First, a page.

In the modern part of the town, look for the Casa de las mariposas (‘Butterfly house’), an Art Deco building built in the early 1900s. Finally, if you have time for a museum visit, I would recommend the Museo de arte Doña Pakyta (close to the harbour), exhibiting Almerian art of the last 150 years. If you are hungry by then, you can get some tapas at La Hormiguita near the Fish fountain in the Parque Nicolás Salmerón (the promenade along the seaside, close to the Ramblas).
- The Alcazaba and the old town
- Museo de arte Doña Pakyta (free entrance)
- La Chanca (view from the fortress)
- The Cathedral with a flat roof
- The sea front
Granada and Sierra Nevada
Travelling by train is ideal to see the changes in the vegetation and geography. For instance, Almería is located between the sea, the snowy mountains, and the desert. To reach Granada, we went through rocky areas and small hills and lots of tunnels. Olive trees replace the orange trees, and the ground is covered with orange sand. The hills are turning into remote rocky mountains as we are going around the Sierra Nevada to reach Granada.
Arriving in Granada from Almería made us realise that it was winter as it got much fresher! However it also felt like the air was purer and the view on the close mountains as we were walking on the Avenida de la Constitucion reminded me a bit of Grenoble, a French city in the Alps. I would advise taking this path to reach the city centre to admire the many statutes on the way and for the open view of the mountains.
Granada is best known for the Alhambra, a palace and fortress complex, really worth visiting. However, due to its touristic success, visits are limited so you should, by all means, book your tour/ticket in advance! (here for the official website: https://www.alhambradegranada.org/ + Beware of scam websites!) You will find different visit types and tour options and different prices.
Three main parts compose the Alhambra: the Alcazaba (the fortress, from the Arabic ‘al Qasba’), the Nasrid Palaces and the Generalife (the gardens). The must-do is a visit of the fortress (‘General Day Visit Tickets’). If you have enough time, you should also visit the Nasrid Palaces. Even better is to book your Palace visit at the end of the day so you can enjoy the night atmosphere of the location. You can also opt for a guided tour to learn more about the history of the buildings or bring your touristic book along if you’re not so much into group visits!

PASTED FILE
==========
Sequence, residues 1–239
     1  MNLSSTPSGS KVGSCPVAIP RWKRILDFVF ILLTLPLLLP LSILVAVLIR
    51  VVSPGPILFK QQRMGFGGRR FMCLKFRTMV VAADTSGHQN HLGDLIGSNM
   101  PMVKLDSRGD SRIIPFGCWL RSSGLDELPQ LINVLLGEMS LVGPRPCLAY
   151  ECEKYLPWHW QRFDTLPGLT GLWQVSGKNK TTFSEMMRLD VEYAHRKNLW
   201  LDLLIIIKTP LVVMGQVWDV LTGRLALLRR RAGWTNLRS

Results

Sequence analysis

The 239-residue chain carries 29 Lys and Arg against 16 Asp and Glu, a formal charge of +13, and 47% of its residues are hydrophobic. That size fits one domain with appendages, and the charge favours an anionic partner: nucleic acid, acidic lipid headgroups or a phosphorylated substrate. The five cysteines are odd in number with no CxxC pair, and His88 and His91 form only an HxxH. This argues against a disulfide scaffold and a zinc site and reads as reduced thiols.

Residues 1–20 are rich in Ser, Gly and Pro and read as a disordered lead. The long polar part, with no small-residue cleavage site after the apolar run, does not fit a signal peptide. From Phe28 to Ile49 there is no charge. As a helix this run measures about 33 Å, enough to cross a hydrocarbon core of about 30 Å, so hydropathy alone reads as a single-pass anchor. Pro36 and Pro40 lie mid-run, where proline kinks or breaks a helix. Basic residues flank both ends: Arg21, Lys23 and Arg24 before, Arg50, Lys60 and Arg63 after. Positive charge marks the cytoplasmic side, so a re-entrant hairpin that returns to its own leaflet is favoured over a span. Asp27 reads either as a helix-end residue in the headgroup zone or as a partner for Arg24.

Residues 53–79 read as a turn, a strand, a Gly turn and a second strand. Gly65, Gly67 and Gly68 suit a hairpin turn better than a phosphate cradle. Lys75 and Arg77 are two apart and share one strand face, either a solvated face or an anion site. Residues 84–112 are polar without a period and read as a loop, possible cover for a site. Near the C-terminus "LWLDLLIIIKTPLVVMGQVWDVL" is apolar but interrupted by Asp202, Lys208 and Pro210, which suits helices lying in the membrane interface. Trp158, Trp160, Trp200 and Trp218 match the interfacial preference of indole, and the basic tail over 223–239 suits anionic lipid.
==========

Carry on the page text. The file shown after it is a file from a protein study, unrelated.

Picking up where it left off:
As a glimpse of the rich history of the place, I’ll give you a short description of the entrance door of the ancient city (Alhambra). The entrance door was built in a typical Muslim style in the shape of a horseshoe. Above the door, you can see the hand of Fatma, representing the five pillars of Islam: Faith, Fasting during the holy month of Ramadan, Charity to the poor, Praying, and Pilgrimage to the Mecca. Below the hand of Fatma, you can find a statue of the Virgin Mary and her child Jesus. Below it, a key with a powerful legend that says that the day Fatma’s hand and the key meet each other, it will mean the destruction of the city. The door alone symbolises the history of the Alhambra, gathering symbols of the two main religions of the area: Islam and Christianity.
I took so many pictures and yet they barely show the amazingness of the place! I was impressed by all the fine details and engravings on every door and window, the inner patio and courts of the Palaces, the richly decorated ceilings, the mix between colourful tiles, wall caligraphies and engravings, and arabesques, as well as the building period of the different edifices. It was something to see pictures of such places, and a completely different experience to have the chance to visit one!